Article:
It is clear that in order to overcome such a state of affairs and to get out of this system there is no need to reinvent the wheel; the solution has been known for a long time: a dialogue within the framework of civil society. Here's all you can imagine. But many would like to solve this problem radically, rapidly and immediately, to mitigate social mores, to set the dialogue along the line of government – society, government – non-governmental organizations and so on, so that everyone talks to each other and so that the problem quickly dissolves itself.
In fact, without being diplomatic, it is clear that in Kyrgyzstan everything is neglected, and counting on a change in this evident negative trend is not necessary when people see government as the enemy from which it must be obtained as much as possible, taking advantage of the moment. It is crucial to use certain formal or informal mutual codes of conduct. Government, of course, in this case should make the first move.
At the rhetorical level everyone recognizes that we must engage in dialogue and we must seek more effective implementation of these decisions, economic, political, and social. It's all rhetoric. In fact, in my opinion, for at least the last 3-4 years in government in the country, both the former and the current administrations are entirely isolated from the overwhelming mass of the population. It says the right things, especially before elections, but is not in a hurry to fulfill them.
Most likely, it is not necessary to just imitate the public dialogue, rather, it is necessary to create a really good platform on which to conduct this dialogue. But looking at the members of the parliament, at Jogorku Kenesh, I have a feeling that these people, who live in some parallel reality, just do not see the need to take some practical steps on the path of the proposed dialogue.
For example, the recent statement by Medvedev on the need for creating a so-called wide government. By and large, as it was mentioned the idea is about an interactive forum for a dialogue on which not only the constructive oppositionists and but also constructively oppositionist non-profit and non-governmental organizations will meet, but there is the possibility of integration of so-called irreconcilables into the dialogue. I do not know how practical the introduction of this idea will be, how realistic these words are, and to what extend under our conditions they can take shape into actual practice. But even at the rhetorical level it is clear that the course is indicated quite correctly. It is clear that in this way there will be lots of objective and subjective obstacles, but the direction of social movement and dialogue with the authorities is correctly outlined.
I think, here Kyrgyzstan we do not need to invent anything new. I hope after the election the situation will somehow be stabilized. Yes, there will be problems with the formation of the government, there will be serious problems finding a compromise between members of the winning group or groups that will consider themselves defeated. But if the country will be able to survive this period with minimal loss then for the new leader, whoever he will be, there will be an opportunity to outline the proper direction by creating something that will unite all regions, all ethnic groups in the country, dialogue platforms on which people could hear each other and create a similar kind of structure at all levels of government from the center to the region.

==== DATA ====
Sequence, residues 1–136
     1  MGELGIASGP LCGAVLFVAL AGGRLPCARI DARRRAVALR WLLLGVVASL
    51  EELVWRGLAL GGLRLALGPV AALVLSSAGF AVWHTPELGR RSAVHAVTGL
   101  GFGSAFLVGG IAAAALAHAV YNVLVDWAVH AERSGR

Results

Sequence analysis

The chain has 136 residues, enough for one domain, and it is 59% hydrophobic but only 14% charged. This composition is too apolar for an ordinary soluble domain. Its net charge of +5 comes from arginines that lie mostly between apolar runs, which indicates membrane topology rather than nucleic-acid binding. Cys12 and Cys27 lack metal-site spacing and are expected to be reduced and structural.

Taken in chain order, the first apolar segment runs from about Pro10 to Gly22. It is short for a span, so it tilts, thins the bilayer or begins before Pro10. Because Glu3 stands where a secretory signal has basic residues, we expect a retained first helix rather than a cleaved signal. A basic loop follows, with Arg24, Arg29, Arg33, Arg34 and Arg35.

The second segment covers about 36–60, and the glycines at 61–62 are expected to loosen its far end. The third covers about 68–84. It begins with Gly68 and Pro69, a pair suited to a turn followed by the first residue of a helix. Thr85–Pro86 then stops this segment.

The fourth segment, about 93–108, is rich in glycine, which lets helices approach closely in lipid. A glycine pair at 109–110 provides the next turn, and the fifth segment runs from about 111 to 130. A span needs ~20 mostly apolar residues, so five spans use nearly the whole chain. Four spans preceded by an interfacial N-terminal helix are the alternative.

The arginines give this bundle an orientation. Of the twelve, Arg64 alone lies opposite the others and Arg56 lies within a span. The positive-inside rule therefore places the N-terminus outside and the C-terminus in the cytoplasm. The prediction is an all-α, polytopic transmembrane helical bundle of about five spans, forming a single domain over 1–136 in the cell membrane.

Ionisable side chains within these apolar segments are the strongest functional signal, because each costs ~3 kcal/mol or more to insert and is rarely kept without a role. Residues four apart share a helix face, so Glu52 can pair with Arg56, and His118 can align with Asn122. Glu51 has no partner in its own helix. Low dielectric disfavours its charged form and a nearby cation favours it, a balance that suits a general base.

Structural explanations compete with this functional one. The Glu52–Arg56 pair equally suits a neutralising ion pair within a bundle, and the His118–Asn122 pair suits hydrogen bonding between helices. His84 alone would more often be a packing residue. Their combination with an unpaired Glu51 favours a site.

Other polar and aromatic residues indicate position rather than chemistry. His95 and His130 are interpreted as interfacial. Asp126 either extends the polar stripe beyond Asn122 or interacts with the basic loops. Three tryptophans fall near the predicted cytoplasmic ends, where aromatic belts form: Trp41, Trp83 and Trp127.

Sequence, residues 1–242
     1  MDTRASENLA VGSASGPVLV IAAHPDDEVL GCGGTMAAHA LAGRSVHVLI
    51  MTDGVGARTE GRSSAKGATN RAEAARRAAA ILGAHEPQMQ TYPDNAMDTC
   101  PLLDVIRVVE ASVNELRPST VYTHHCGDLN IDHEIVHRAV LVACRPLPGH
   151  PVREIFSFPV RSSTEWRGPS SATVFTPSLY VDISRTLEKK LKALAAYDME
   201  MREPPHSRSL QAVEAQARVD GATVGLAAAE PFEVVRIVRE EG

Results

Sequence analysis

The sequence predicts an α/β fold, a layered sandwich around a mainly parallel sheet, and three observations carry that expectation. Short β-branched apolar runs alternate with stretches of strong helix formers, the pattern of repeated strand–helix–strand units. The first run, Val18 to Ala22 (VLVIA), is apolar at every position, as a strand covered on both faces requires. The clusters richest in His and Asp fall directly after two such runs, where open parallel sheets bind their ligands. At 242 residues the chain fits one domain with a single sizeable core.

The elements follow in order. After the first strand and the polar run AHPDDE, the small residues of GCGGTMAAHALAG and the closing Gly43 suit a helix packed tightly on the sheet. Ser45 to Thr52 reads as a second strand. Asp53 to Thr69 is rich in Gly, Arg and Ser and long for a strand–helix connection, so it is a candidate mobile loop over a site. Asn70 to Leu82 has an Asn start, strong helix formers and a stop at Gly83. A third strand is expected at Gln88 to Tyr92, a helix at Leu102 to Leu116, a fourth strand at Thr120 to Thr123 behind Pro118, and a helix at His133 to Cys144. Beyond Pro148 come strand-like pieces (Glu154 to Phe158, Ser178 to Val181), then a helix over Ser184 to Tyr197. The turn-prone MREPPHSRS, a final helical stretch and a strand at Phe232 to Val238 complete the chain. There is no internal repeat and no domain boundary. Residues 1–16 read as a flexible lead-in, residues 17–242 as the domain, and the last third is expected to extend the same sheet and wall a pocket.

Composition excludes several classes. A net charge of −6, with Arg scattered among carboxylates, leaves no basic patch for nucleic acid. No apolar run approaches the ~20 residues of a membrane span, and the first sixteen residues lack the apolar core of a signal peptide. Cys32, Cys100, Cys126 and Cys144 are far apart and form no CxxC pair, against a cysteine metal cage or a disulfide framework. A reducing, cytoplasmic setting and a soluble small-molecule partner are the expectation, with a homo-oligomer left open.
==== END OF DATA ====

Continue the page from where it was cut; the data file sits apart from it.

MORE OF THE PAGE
There are of course more problems with the realization of this project, even more than in Russia, but there is no other option. Another trend is to try to reduce the frequency of demonstrations through forceful methods. Therefore, only the organization of a broad dialogue, education of the population, the inculcation within different social groups of at least the rudiments of political culture, this is the only option for a culture of political dialogue; no other is given.
IPP: How civil society should participate in conflict resolution?
Andrei Grozin: What has increased in the recent years, namely, is the grassroots civic engagement including all these various civic initiatives which are often unpleasant to the authorities, the work carried out within the framework of the Public Chamber and the structures that are around it, perhaps one can say that all this is a display of greater political maturity of Russian society.
Nonetheless, civil society is not formed by decrees and enactments but namely by the will of the large majority of the population. I think people in Russia experienced such radical disposition early in the first half of the 90s. Now even the most massive meetings in Russia do not collect more than 1.5-2 thousand people, which would be the best case. For example, it was possible to observe this when there was a peak surge of mass activity in Kaliningrad. But activity there was not political; rather, it was due to pure social and economic reasons. But after making relevant decisions, including a change of key personalities in the leadership of the region, the civic action disappeared itself. The Kaliningrad enclave in the sense of meeting activity is now one of the most peaceful in the Russian Federation.